International Marketing Research
One of the most striking developments of recent decades has been the globalization of business. The growth of world trade requires more information about foreign markets and companies which expand into new and unknown markets must possess the information about the demand and conditions of these markets. Companies invade not only into such developed markets as Europe, US and Japan, but also into the unstable but growing markets of Latin America, the politically uncertain markets of the Middle East and Russia, and the rapidly changing markets of South East Asia and the emerging African market.
The development of new communication and information technologies change the lifestyle, consumption behavior and purchasing patterns of different nations. All this indicates that the marketing research in global environment has become essential.
The purpose of this paper is to give definition of the international marketing research and describe the factors which influence the marketing research in different countries. The paper also deals with the steps of international marketing research process and its main categories. The advantages and disadvantages of collecting secondary and primary data and survey methods of international marketing research are presented in the paper. Finally, the problems which may occur in the international marketing research are summed up.
Definition of International Marketing Research
International marketing research is the systematic design, collection, recording, analysis, interpretation, and reporting of information pertinent to a particular marketing decision facing a company operating internationally.
International Market Research is a particular discipline of Market Research, focusing on certain geographical areas.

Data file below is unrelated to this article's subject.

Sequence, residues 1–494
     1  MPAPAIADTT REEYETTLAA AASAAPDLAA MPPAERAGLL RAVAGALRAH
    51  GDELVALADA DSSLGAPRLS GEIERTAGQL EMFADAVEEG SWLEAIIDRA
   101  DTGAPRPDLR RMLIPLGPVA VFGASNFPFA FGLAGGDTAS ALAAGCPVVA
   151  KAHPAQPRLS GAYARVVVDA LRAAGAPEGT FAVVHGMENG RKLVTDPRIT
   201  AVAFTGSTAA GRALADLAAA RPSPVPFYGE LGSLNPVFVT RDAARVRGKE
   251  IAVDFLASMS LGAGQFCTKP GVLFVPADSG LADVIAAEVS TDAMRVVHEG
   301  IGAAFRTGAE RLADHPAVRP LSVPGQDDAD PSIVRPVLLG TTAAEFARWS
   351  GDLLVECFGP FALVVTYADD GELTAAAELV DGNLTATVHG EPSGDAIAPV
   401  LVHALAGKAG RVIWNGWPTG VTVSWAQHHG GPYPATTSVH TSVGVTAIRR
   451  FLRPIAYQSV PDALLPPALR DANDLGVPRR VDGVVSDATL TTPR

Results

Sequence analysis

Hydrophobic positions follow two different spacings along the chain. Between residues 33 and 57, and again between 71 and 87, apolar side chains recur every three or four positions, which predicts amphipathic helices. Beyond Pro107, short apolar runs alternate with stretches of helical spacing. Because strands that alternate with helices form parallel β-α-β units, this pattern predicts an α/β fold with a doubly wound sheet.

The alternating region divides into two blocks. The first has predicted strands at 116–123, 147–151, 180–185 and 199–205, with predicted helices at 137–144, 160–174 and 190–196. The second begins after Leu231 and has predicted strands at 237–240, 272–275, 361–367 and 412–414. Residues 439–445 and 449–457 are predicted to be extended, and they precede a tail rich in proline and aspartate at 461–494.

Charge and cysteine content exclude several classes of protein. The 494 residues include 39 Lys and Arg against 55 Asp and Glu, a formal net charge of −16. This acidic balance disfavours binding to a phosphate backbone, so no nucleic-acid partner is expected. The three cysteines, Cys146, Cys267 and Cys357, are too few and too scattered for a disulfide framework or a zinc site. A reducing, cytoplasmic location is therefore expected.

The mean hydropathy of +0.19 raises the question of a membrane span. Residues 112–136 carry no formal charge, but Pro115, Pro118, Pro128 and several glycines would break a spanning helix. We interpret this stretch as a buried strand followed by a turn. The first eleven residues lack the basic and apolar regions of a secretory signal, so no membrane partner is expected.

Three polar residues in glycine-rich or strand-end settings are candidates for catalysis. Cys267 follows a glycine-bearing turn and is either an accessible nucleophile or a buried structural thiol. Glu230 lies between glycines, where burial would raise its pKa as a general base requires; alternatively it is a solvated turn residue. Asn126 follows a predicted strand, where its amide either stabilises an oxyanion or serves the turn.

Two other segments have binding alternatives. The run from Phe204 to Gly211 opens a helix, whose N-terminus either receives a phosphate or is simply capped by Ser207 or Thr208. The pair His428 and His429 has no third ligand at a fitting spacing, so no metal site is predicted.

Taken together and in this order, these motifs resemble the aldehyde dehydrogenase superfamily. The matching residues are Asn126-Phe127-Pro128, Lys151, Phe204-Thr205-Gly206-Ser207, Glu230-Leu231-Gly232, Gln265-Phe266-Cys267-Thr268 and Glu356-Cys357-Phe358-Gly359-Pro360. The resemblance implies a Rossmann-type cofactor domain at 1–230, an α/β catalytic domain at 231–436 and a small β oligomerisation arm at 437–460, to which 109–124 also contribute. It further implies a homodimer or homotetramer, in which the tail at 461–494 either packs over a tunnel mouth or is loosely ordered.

International Market Research is concerned with consumer goods, but also with any resource or service within a value chain which will be commercially utilized or further processed – which is the area of industrial goods and B2B-Marketing.
Marketing Research in a Global Environment
Marketing research practices and techniques have become truly global. For example, the world’s largest research firm, Nielsen, is headquartered in the U.S. but derives almost two-thirds of its revenue from outside the U.S. It is standardizing much of the data it routinely collects in 27 different countries.
International marketing managers make the same basic types of decisions as do those who operate in only one country. Of course, they make these decisions in a more complicated environment. As with marketing decisions, the basic function of marketing research and the research process does not differ between domestic and multinational research. However, the process is complicated almost exponentially as more and more countries are involved in the same decision.
The main factors which influence the marketing research in different countries are:
- Cultural differences
Culture refers to widely shared norms or patterns of behavior of a large group of people. It is the values, attitudes, beliefs, artifacts and other meaningful symbols represented in the pattern of life adopted by people that help them interpret, evaluate and communicate as members of society. A company which works on the international market is in need of cross cultural awareness. Cross cultural differences (language, non-verbal communication, different norms and values) may cause cross cultural blunders. There are examples of cultural blunders in the marketing mix.